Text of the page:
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With respect to crewmembers, or “seaman” as defined by the courts, if an injury or death is caused by the negligence of a seaman’s employer or its fellow employees, the seaman can recover damages from his employer under the Jones Act (46 U.S.C. § 30104). Damages can include compensation for all past and future losses of income, expenses associated with medical care, compensation for pain and suffering, and disability associated with loss of enjoyment of activities of normal life. “Put differently, a seaman’s remedies are far more liberal than the benefits of a traditional worker’s compensation claim, which is why a vessel owner has such serious legal obligations to care for their employees should they become injured,” Hurst says. Owners also have a legal obligation to provide a seaworthy vessel to seaman assigned to the vessel. It can be difficult for a vessel owner to disprove he or she didn’t have a duty to provide a seaworthy vessel in the event a crewmember gets injured or killed on the job, according to Hurst. However, if a seaman’s death or injury was caused by “unseaworthiness” of the vessel, remedies similar to those available under the Jones Act could be warranted. “Indeed, the reality is that seaman, which courts classify as ‘wards of admiralty,’ are a protected class of employees under US law,” Hurst says. “And because of the dangers these individuals are exposed to on a daily basis and the concurrent benefits they provide to maritime commerce and national defense, seaman have a longstanding right to be protected under the law and are entitled to liberal interpretation of the concepts of negligence to foster their protection.” That aside, although vessel owners have strict legal obligations to their vessels and crew, there’s no hard-and-fast legal requirement for them to have insurance coverage, says Hurst. However, certain federal and state laws indirectly require vessel owners to carry certain amounts of insurance. For example, every seaman who becomes ill or injured during his or her employment—regardless of any fault of the vessel owner or operator—is entitled to maintenance, cure, and unearned wages as a matter of right. “Indeed, these are very serious legal obligations imposed on vessel owners, which is why most vessel owners take out some form of P&I insurance to cover for their maintenance and cure obligations,” Hurst says. www.akbizmag.com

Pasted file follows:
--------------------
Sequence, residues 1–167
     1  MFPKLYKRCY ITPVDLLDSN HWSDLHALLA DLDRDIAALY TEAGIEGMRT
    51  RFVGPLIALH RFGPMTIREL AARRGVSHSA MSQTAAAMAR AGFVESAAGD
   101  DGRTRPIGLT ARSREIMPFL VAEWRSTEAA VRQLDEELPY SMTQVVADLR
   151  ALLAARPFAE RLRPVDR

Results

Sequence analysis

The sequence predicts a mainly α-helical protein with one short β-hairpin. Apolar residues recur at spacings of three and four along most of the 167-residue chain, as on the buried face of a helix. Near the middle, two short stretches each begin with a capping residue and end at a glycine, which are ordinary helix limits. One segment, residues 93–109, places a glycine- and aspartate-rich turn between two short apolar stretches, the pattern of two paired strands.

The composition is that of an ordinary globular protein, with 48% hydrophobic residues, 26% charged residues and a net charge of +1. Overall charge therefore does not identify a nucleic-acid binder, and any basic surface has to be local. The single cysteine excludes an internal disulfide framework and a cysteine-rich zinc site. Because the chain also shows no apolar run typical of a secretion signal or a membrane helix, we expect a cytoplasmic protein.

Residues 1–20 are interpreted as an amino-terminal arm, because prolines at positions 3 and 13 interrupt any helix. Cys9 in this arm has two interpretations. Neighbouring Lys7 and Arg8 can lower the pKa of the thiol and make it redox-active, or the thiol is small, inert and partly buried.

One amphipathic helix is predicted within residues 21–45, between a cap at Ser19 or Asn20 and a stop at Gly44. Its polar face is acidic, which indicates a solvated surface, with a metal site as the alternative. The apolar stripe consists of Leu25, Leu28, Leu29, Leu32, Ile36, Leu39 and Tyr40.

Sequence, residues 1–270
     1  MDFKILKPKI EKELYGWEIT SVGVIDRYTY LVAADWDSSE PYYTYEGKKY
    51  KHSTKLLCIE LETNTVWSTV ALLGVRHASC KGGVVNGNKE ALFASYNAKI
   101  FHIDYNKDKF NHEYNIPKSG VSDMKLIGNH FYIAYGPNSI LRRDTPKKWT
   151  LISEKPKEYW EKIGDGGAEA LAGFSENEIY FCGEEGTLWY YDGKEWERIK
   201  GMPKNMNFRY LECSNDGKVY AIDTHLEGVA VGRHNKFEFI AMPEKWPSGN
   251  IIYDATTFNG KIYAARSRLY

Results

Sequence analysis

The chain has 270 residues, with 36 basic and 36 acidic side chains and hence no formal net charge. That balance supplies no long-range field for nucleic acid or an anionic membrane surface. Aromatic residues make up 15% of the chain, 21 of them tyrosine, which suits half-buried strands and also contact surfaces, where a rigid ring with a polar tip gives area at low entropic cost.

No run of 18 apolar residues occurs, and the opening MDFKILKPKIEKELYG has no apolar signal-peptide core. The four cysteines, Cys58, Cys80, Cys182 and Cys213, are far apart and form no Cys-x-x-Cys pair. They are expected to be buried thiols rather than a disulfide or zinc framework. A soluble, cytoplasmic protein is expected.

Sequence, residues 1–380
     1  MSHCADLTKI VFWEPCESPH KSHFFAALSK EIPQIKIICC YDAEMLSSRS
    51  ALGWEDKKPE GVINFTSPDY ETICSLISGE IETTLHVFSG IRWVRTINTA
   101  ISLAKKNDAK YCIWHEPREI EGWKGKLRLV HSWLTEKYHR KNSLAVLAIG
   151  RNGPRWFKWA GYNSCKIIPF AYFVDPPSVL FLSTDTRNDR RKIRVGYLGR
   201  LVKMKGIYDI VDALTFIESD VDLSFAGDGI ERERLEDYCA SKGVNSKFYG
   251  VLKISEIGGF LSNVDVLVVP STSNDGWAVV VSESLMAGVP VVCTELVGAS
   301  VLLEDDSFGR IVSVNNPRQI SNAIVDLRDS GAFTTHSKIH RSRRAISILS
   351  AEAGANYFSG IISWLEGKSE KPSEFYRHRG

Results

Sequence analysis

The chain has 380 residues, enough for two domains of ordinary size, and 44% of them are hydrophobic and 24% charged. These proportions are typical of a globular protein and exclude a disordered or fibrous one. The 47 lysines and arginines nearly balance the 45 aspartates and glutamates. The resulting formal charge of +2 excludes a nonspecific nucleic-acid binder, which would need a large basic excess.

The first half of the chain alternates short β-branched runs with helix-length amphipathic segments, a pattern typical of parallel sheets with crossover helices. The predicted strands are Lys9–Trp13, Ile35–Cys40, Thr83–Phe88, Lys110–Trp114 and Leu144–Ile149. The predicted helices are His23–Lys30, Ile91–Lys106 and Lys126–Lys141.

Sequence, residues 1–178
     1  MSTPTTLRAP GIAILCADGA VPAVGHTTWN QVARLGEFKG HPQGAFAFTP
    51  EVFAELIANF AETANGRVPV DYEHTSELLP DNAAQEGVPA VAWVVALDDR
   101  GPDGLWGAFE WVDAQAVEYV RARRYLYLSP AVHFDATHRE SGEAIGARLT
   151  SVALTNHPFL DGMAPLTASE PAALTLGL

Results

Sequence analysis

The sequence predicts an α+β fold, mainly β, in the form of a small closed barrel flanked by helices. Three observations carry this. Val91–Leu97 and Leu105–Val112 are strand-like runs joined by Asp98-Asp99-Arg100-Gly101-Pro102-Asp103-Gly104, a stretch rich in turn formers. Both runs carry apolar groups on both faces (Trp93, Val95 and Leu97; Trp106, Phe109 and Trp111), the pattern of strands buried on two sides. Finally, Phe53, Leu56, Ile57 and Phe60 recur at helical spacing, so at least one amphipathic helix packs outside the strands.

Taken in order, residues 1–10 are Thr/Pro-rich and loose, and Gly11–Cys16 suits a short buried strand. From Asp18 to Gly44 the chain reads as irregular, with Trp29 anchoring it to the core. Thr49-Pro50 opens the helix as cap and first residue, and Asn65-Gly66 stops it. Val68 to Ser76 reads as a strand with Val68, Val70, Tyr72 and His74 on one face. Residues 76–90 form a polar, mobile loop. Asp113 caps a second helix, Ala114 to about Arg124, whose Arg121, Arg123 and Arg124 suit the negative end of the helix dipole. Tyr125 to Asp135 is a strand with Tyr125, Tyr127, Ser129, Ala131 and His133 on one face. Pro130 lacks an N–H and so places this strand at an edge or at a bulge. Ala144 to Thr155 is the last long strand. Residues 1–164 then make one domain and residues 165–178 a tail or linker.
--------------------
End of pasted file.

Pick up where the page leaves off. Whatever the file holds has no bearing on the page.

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2009 Project, July cable, Liberty left Rigging August, 2010 at West Dock, Rig 25 sealift August 2010 above Doyon to Deadhorse, Rig 25 move next Doyon

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Alaska Business Monthly June 2015  

Ravn Alaska CEO Bob Hajdukovich on the tarmac in front of the company’s hangar at Ted Stevens Anchorage International Airport. The company’s...

Alaska Business Monthly June 2015  

Ravn Alaska CEO Bob Hajdukovich on the tarmac in front of the company’s hangar at Ted Stevens Anchorage International Airport. The company’s...